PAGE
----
He urges operators to re-examine schedules and build shifts around measurable objectives—like how many burgers or pizzas will be sold and how long it takes to complete that work. Even transitioning early-morning prep shifts to peak hours can help shave labor costs.
“There are many things that are not [related to] guest service, where you have a lot more leeway,” he says. “[But] typically what happens is humans just go back to their old habits.”
2. How much should I be innovating?
For Robert Lee, the pace of change in the industry can leave him with nagging FOMO—fear of missing out. Lee, CEO of Coolgreens, frequently wonders if he’s doing enough to keep the salad chain moving forward.
“Have we innovated enough? Have we innovated too much?” he says. “Or, is there something we should be doing that we’re missing out on?”
Lee says his nine-unit chain can’t be first to market with every new technology. But sitting still isn’t an option, either. The company recently introduced combination ovens that use steam and convection heat, allowing the chain to quickly cook meats and vegetables. It reworked the production line to add warm grain bowls to the menu. And it recently debuted “smart fridges” that allow customers to manually grab a salad or wrap from the high-tech coolers in airports or other nontraditional locations.
Lee says he constantly thinks about what’s on tap for the next 3 months, 6 months, or year to stay fresh. At the same time, he knows that too much innovation—or innovation for innovation’s sake—isn’t healthy either. “We could certainly get lost not only on losing out on innovation, but also taking on too much to where it just floods us,” he says.
Aaron Allen, CEO of consultancy Aaron Allen & Associates, says brands should stick to changes that actually improve things for guests or employees. But a balance is needed. Operators must guard against the distraction of too much innovation. But they also have to ensure they don’t get too lost in the day-to-day challenges of running a restaurant that they lose sight of the larger picture.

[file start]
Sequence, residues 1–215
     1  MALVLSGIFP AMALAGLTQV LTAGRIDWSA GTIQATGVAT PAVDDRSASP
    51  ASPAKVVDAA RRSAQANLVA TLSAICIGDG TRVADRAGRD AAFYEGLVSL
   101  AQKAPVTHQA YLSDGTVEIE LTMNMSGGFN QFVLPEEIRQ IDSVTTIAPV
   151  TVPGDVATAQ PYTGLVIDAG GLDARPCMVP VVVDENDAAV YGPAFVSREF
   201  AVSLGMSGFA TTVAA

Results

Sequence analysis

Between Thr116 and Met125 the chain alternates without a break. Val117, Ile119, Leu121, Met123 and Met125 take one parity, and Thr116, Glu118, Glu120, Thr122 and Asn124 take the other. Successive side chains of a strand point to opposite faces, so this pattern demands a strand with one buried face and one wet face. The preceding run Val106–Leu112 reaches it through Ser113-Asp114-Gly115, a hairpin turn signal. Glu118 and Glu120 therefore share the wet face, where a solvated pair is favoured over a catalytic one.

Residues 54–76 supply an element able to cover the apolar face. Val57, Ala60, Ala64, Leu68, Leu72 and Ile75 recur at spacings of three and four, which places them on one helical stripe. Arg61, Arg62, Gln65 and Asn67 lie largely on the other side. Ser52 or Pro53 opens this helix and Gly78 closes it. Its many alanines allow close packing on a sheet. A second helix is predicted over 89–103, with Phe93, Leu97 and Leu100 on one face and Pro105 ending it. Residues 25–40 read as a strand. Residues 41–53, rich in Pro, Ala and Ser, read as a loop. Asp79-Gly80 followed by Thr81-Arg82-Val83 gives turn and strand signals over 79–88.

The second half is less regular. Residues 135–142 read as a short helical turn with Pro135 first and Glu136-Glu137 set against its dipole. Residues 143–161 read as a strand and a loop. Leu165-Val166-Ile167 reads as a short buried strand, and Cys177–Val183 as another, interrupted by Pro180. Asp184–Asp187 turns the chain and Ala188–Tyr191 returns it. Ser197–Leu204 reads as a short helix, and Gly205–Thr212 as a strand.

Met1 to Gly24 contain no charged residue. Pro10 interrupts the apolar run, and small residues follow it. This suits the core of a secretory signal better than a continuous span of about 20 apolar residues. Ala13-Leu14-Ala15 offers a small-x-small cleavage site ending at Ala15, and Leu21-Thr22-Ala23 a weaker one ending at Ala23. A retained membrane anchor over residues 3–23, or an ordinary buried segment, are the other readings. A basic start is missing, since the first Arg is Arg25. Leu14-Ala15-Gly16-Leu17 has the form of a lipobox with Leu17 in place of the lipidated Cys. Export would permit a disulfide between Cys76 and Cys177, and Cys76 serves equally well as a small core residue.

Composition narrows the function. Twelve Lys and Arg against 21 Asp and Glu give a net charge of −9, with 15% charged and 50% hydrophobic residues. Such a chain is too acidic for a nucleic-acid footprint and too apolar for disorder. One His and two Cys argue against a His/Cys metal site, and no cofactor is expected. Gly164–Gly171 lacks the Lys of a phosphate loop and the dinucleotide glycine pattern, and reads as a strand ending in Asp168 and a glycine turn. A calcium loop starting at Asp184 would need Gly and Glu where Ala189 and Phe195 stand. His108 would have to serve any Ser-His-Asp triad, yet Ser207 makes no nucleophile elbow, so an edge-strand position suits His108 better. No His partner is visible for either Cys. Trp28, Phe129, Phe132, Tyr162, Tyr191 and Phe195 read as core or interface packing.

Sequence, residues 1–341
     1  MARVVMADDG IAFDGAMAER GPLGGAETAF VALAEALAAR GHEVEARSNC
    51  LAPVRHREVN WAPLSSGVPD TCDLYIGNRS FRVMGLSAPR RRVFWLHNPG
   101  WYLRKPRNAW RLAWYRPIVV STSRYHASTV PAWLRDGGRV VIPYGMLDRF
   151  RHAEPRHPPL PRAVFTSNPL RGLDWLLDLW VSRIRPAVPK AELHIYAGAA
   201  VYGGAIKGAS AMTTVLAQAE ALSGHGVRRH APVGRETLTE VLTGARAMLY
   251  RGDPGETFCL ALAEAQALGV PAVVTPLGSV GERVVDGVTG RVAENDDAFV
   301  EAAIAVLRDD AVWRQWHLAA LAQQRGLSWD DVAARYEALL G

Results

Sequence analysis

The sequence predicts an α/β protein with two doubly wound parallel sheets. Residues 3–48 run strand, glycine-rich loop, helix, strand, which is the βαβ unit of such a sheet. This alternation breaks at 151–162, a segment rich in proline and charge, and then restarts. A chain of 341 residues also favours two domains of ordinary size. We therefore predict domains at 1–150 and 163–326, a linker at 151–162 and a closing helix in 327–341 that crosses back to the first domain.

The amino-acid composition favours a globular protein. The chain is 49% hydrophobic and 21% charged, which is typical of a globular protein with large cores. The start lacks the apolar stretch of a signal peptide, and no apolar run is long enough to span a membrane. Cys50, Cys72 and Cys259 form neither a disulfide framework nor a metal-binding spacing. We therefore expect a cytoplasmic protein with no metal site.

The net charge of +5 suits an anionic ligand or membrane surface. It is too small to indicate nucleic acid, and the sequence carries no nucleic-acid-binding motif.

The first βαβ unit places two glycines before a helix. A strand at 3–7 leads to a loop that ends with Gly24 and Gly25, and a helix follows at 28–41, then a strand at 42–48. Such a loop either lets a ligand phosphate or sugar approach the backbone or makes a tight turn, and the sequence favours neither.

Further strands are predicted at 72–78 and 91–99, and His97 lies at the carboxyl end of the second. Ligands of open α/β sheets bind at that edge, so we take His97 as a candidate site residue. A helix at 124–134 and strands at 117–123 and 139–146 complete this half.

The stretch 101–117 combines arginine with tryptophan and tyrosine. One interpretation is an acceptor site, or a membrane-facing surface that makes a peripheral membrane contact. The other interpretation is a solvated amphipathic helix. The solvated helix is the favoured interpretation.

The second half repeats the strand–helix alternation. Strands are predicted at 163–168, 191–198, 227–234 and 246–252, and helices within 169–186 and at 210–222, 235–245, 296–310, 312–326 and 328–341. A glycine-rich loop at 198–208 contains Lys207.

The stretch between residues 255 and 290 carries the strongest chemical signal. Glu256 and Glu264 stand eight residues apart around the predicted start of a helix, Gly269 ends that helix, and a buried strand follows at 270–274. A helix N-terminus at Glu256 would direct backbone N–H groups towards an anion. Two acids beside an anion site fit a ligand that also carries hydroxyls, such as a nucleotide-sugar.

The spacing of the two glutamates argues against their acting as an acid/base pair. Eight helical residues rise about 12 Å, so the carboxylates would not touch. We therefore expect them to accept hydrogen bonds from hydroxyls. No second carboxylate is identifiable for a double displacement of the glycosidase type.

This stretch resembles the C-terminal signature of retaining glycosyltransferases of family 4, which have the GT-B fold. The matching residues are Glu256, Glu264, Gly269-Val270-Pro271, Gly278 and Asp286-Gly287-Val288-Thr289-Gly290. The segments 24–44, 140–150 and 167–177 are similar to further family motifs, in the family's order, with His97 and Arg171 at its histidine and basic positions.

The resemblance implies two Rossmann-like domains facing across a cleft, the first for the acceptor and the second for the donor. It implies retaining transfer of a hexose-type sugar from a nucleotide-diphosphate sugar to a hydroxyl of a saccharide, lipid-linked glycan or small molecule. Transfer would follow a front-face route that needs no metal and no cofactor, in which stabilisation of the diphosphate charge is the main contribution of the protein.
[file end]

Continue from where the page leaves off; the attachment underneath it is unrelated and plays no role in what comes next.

“You end up right in the oven like Hansel and Gretel if you just follow the breadcrumbs in front of you,” Allen says.
3. How do I get customers in the door?
Bryan Lewis, founder and CEO of Press Waffle Co., believes he has something unique and great to offer in his waffle concept. If he can get a diner in the door, he’s confident he can turn them into a customer for life.
But getting them there is a constant concern.
The Dallas-based chain got early attention with its appearance on television’s “Shark Tank,” not to mention an investment from mogul Barbara Corcoran. But reaching new customers “without just pouring money into digital marketing” is a constant struggle for new and established stores alike.
“It’s one thing for somebody to like a post from Instagram from the comfort of their couch,” he says. “It’s another thing to have them get up off their couch and drive to the store.”
Allen says today’s digital world actually makes it easier than ever for restaurants to get noticed. He suggests operators set aside 3–6 percent of projected revenues for marketing. But they must make those investments well before opening, too. Otherwise, “you get so far behind you can never catch up again,” Allen says.
Nowadays, good service, food, and atmosphere aren’t enough to grow a restaurant chain—operators must have a differentiator, he says. And brands must be able to clearly articulate their identities.
“You only sell differences, not similarities,” Allen says.
4. How do I ensure franchisees’ success?
For Tara Gilad, it’s the things she can’t control that worry her.